“It’s part of the culture, Andrew.” Annie propped the phone on her shoulder and sorted press releases while they talked. “You get paid on Friday, you go to the supermarket, you buy food.”
“I thought you got paid, you got drunk.”
“That’s for 20-year-olds, sweetie . . . though you should know I never did that, even at 20.”
“I know. That’s why I’m here.”
“—You don’t have to come. Though really, if you want me to buy food for you, it would be nice if you did.”
“I’m there. I’ll even take a shower first. Can we go to MacDonald’s afterward?”
“I was thinking Chinese. The place in the mall isn’t bad.”
* * * *
“Take a candy bar and save the wrapper, so that we pay for it.” Annie pulled a shopping cart out of the row. Inside the store, she put a shopping basket into it.
Andrew chose a Snickers bar and put the wrapper in the cart. “They’re so fucking cheerful,” he whispered. “When do people have sex?”
“But they have all these children.”
“—I don’t know, Andrew. You’re a reporter. Ask them.”
“I’m not a reporter. I move apples. What can I do here?”
“Take this basket and get two half-gallons of milk. Two percent for me, whatever you want for you. Near there are eggs. Get two dozen. Check that none are broken. Can you do yogurt?”
“Um. Brand? Price? Flavors?”
“You’re right. I’ll do yogurt.”
Annie pushed the cart toward produce. A short black woman in a multicolored turban, with a hospital staff ID on a red ribbon around her neck, was frowning at the bananas.
“Look at this,” she said, “full of bad spots.”
“I know,” said Annie. “They’re only good in winter, but I buy them all year.”
“And 49 cents a pound! My mother told me never to pay more than 25 cents. You remember that?” She looked at Annie with a smile. They were about the same age.
“Yup. My mother told me never to pay more than 25 cents for a head of lettuce.”
They both laughed heartily.
“Well,” said the woman, “have a good weekend anyway.”
“Thank you, same to you.”
Andrew walked toward Dairy. It was almost a town square, he thought; people chatted over the food, over their carts. Have a good weekend! they said, oblivious to the camera eye above them at the end of every aisle.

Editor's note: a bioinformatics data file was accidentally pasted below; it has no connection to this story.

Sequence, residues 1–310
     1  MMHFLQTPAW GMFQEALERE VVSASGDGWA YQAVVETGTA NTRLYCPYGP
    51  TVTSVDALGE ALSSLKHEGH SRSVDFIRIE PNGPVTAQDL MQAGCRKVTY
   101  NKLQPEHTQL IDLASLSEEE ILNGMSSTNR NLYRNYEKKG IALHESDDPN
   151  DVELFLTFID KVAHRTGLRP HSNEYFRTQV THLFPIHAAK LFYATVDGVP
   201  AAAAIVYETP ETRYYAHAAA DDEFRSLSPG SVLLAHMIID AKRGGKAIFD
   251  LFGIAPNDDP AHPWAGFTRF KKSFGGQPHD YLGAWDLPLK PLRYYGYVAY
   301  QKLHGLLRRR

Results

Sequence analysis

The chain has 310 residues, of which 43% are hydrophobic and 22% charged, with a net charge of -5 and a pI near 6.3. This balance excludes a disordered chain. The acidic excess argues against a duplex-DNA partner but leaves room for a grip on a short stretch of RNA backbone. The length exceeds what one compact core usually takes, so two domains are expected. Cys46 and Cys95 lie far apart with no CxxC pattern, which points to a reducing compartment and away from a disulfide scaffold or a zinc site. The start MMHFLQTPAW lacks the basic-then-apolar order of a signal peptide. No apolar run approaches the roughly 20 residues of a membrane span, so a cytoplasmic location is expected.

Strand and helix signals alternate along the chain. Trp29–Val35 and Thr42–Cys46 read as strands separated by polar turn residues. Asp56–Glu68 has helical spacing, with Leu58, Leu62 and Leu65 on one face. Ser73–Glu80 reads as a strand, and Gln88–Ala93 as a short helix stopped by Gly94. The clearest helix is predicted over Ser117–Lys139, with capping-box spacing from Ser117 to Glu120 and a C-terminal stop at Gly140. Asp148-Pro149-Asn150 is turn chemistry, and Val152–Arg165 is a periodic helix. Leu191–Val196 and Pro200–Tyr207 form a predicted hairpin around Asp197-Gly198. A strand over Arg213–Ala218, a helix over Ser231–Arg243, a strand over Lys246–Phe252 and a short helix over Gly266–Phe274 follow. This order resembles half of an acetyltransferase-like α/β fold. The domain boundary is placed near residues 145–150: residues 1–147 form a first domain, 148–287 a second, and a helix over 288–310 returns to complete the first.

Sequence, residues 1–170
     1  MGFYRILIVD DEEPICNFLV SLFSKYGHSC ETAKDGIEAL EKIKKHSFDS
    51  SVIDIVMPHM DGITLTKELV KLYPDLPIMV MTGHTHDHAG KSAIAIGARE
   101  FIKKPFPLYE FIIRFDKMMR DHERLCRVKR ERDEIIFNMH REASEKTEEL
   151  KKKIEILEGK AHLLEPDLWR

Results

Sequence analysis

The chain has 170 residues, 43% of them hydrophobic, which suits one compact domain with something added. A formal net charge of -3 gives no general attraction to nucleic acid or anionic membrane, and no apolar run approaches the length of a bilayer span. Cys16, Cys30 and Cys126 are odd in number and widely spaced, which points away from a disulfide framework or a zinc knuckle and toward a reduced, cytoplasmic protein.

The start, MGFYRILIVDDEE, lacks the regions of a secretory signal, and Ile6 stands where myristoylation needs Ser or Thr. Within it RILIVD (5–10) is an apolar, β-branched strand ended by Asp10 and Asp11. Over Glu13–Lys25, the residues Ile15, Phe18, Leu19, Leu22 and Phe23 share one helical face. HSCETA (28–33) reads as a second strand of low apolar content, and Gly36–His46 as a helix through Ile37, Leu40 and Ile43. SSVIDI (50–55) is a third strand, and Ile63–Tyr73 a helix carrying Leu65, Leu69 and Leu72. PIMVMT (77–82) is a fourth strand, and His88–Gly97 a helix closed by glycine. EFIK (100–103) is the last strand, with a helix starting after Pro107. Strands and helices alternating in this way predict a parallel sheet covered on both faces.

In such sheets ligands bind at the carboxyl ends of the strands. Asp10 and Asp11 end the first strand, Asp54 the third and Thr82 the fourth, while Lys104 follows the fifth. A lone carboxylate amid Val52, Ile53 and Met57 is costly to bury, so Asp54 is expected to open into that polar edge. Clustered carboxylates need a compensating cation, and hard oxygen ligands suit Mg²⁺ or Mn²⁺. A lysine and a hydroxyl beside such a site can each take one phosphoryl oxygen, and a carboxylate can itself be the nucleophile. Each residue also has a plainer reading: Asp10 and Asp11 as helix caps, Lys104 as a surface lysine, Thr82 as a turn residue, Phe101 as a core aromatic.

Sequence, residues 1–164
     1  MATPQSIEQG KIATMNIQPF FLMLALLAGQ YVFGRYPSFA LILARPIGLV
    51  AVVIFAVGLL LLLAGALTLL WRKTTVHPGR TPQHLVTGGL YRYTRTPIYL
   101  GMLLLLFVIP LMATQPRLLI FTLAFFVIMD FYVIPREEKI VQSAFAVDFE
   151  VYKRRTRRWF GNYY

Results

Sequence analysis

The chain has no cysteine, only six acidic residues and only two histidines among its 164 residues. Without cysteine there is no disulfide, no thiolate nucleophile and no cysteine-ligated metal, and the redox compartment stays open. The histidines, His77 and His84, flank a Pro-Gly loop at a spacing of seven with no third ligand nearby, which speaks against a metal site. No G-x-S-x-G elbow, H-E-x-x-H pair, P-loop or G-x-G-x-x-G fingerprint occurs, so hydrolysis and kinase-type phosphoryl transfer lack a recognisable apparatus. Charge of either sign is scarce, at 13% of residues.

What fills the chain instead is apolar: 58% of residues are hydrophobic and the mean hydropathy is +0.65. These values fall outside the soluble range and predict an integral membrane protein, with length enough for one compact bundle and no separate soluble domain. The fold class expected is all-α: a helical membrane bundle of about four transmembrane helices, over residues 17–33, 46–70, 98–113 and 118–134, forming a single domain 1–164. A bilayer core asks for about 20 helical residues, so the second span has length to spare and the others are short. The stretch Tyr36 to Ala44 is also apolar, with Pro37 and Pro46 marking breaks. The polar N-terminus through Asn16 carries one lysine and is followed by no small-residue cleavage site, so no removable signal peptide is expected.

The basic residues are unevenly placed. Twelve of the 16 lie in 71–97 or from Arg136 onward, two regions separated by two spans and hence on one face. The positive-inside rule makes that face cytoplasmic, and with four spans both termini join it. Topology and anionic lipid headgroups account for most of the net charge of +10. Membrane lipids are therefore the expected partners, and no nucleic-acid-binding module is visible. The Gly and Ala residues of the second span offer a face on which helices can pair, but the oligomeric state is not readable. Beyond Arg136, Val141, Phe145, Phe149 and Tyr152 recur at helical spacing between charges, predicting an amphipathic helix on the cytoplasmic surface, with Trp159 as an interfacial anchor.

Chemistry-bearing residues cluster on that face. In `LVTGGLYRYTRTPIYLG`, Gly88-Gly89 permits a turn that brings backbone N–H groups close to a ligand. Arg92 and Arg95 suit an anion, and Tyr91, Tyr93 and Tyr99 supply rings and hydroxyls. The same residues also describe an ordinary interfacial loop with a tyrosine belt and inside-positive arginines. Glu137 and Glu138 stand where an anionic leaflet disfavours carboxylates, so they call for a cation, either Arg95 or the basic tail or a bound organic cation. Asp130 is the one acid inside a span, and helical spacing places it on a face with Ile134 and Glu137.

And staring at the milk shelves Andrew found his coworker Billie.
“Hey man”—they shook hands—“sak passé?”
Billie smiled. “Where’d you learn that, Southern boy like you.”
“In the yard. Where I learned everything else. Looking for some milk?”
Billie nodded. “Girlfriend wants it.”
They stared at the milk. Andrew took a two percent and decided on regular for himself, resisting the impulse to lecture Billie on the gross overabundance of American life as they faced fifty units of milk, different types, brands, sizes. Billie, tall and dark-skinned, a watcher and listener, stared at the milk.
“Does she want two percent?” asked Andrew. “That’s what women usually drink.”
“No, she want the milk without the milk in it.”
“Yeah, Lactaid, which one’s that.”
“This one.” Andrew ran his finger under the word. “Lactaid. Half-gallon or quart?”
Billie sighed. “The small one.”
Andrew tapped a quart.
“Thank you,” said Billie, his eyes on the milk.
“No problem. Have a good weekend.”
At eggs, Andrew found Glaron, another coworker.
“How you doin.’” Glaron smiled broadly. His gold teeth were in front.
They shook hands. “Is the whole place here? Steve? The boys?”
Glaron shook his head, still smiling. “Boys ain’t got the sense. Steve’s got a wife.”
“You’ve got a wife.”
“She works. We do this together. I better get some eggs.”
“Me too. Look at this, Glaron, a dozen kinds of eggs.”
Glaron nodded. “Silly, ain’t it. These are good.” He tapped a carton.
“Thanks. Have a good weekend.”
“Same to you.”
Andrew found Annie checking the weight on packages of chicken.
“Don’t get Tyson’s,” he said.
“Never. Or Purdue.”
“The whole shop is here.”
“Well, the nice guys. What else should I get?”
Near Gatorade, Billie introduced Andrew to “my fiancée, Tiaje,” a tall, slim woman, also dark black, with elegant cornrows and a hospital ID on a silver chain around her neck.
“What do you do at the hospital?” Andrew peered at the ID.
“I’m a pharmaceutical technician,” she said, speaking clearly, keeping eye contact with him.
In paper products he met Teresa, Glaron’s wife, who also wore a hospital ID and worked in the kitchen, she told him.
“You the famous Andrew?” she asked.
“—No ma’am . . . I just move apples.”
“And talk back to the boys. You be careful, you’ll lose your job.”